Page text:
• Eating in secret.
  • Hiding food.
  • Expressing shame/guilt around food and/or eating.
  • Eating at a fast pace.
  • Reported feelings of depression or low self-worth.
  • Nourishment in public is observed to be inappropriate with the amount of energy output.
  • Weight fluctuations.
  • Lethargy.

Long-Term Effects of Eating Disorders on Athletes

The long-term impact of eating disorder behaviors on an athlete can be severe, as their energy output requires proper nourishment and optimal body functioning, both of which are impaired by an eating disorder.

The negative impacts of eating disorder behaviors on the female athlete are so common that treatment professionals refer to them as “Female Athlete Triad” syndrome, which specifies three consequences as “menstrual dysfunction, low energy availability, and reduced bone mineral density [1]. Approximately 4.3% of female athletes struggle with this syndrome [1].

The following consequences can occur long-term if an athlete is not treated for disordered eating behaviors:

  • Metabolic imbalances.
  • Increased risk of athletic injury.
  • Poor sports performance.
  • Inability to perform sports requirements resulting in quitting/retirement.
  • Decreased training response.
  • Impaired judgment.
  • Decreased coordination.
  • Impaired aerobic functioning.
  • Damage to vital organs.
  • Loss of menstrual cycle/infertility issues.
  • Increased risk of heart failure and cardiovascular complications.
  • Bone and muscle loss.
  • Ulcers.
  • Gastrointestinal complications.
  • Tooth decay/gum disease/tooth loss.
  • Increased depression/anxiety.
  • Increased risk of substance abuse.
  • Increased suicidal thoughts.
  • Death.

Hurdles for HS athletes

Causes of Eating Disorders

Eating disorders do not have one distinct cause, as numerous biological, psychological, and social factors contribute to their development. Athletes do experience unique vulnerability factors that make them more likely to engage in disordered eating or exercising behaviors due to the requirements of their sport and the pressure to perform.

There are sports more likely to cause disordered eating and exercise behaviors, particularly those in which appearance is emphasized. For women, the 3 athletic activities that place them most at-risk for disordered eating are gymnastics, dancing, and figure skating. For men, these activities are wrestling, equestrianism, and body-building. The pressure in these sports to not only perform but appear a certain way increases the chance of eating disorder development.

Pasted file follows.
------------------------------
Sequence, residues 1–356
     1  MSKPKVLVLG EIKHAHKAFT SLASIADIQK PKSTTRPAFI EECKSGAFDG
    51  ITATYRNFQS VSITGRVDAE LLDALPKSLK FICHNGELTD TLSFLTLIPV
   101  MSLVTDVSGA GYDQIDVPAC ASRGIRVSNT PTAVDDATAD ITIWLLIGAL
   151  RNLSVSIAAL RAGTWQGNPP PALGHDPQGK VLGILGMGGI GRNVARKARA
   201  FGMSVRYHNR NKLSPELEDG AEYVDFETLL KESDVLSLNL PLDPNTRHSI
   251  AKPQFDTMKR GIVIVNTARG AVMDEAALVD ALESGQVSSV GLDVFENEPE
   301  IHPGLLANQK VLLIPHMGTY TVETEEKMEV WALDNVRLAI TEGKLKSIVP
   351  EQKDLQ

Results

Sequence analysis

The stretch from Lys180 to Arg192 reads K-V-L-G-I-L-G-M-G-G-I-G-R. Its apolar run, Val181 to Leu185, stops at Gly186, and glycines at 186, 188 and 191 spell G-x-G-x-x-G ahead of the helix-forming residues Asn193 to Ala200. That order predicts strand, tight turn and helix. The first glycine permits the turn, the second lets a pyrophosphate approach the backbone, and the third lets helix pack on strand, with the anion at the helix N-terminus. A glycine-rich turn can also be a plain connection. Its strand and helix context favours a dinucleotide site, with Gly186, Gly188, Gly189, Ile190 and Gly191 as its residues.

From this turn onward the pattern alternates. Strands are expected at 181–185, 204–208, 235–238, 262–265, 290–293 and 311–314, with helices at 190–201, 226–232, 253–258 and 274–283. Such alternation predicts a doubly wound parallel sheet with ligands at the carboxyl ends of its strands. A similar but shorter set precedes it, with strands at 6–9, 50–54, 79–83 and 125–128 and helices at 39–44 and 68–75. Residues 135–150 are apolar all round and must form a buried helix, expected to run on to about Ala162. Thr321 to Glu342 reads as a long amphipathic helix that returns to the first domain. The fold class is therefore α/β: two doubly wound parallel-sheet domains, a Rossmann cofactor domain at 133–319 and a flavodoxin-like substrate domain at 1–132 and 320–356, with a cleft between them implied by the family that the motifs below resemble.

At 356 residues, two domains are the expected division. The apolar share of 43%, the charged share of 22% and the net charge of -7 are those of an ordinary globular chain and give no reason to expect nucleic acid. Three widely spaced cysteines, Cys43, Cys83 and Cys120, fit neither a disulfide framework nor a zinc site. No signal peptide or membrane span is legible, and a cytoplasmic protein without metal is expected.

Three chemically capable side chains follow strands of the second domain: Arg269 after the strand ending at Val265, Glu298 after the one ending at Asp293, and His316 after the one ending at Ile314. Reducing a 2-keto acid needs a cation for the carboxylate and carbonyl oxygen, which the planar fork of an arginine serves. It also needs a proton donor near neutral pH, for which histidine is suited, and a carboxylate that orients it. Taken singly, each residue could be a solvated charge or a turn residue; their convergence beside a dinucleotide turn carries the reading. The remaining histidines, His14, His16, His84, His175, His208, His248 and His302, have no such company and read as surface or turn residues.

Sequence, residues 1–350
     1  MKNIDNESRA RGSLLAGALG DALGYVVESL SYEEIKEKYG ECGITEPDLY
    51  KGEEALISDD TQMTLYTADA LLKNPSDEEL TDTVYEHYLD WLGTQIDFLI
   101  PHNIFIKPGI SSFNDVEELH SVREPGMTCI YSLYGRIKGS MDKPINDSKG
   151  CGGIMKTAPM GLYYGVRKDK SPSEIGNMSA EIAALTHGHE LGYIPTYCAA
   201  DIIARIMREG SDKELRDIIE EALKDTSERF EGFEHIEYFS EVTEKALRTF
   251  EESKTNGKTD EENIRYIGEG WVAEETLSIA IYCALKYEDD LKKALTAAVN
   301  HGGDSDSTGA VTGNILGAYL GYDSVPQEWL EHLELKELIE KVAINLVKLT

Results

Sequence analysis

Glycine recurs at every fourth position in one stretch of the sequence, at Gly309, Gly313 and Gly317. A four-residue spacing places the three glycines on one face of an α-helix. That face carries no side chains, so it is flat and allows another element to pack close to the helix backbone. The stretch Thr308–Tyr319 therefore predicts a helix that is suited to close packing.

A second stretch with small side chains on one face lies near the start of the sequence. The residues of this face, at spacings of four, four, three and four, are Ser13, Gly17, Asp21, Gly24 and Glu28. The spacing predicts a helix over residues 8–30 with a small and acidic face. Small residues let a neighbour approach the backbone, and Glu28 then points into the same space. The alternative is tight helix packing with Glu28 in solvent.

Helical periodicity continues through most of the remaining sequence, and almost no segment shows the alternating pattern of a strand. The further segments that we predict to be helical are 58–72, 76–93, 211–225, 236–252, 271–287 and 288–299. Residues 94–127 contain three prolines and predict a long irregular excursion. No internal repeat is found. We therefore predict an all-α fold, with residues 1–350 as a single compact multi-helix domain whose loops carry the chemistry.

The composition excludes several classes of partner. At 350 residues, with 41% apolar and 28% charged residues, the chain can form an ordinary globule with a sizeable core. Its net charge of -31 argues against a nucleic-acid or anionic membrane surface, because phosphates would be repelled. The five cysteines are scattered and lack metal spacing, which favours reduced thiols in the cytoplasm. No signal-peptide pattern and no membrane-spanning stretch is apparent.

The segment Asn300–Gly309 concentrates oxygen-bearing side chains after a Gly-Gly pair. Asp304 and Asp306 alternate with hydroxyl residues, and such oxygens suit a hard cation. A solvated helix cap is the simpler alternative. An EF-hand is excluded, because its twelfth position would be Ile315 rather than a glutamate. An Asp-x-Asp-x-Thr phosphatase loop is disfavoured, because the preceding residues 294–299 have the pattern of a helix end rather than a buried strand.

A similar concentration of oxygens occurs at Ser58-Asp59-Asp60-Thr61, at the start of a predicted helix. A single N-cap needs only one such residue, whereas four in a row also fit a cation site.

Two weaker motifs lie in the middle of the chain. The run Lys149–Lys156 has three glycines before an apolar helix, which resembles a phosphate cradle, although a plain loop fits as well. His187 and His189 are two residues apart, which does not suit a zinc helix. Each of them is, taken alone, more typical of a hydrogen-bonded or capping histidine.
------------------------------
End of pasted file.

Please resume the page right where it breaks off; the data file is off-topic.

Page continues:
The culture of sports alone can also make an athlete more susceptible to distorted body image and disordered eating beliefs. One study detailed the following sports-culture risk factors that may contribute to disordered eating: “endurance, weight category…the revealing nature of much sports clothing, the intense competitiveness of sports participants which can extend to ‘competitive thinness’, specialising in one sport at an early age and sudden increases in training volume [4].”

These factors and the pressure to perform successfully, and often achieve a certain appearance while doing so, make athletes more at-risk to have distorted body beliefs and engage in disordered eating and exercise behaviors.

Helping Athletes with Eating Disorders

Treating athletes with eating disorders is not very different from treating non-athletes. In fact, the evidence-based treatments recommended such as Cognitive Behavioral Therapy (CBT), Dialectical Behavior Therapy (DBT) and Family Based Treatment are still advised for athletes.

The most important aspect in supporting athletes struggling with disordered eating and exercise behaviors is to prioritize the athlete over the sport. Treatment takes time and commitment to be effective and an athlete cannot commit both to their sport and their recovery at the same time.

It will likely be necessary for the athlete to take some time off to solely focus on treatment and eating disorder recovery. While this can be difficult for the athlete, doing this increases their likelihood of being able to safely return to the sport they are passionate about.

Prioritize your athlete over the game, competition, or event by encouraging them to play the long game for their health, body, and future.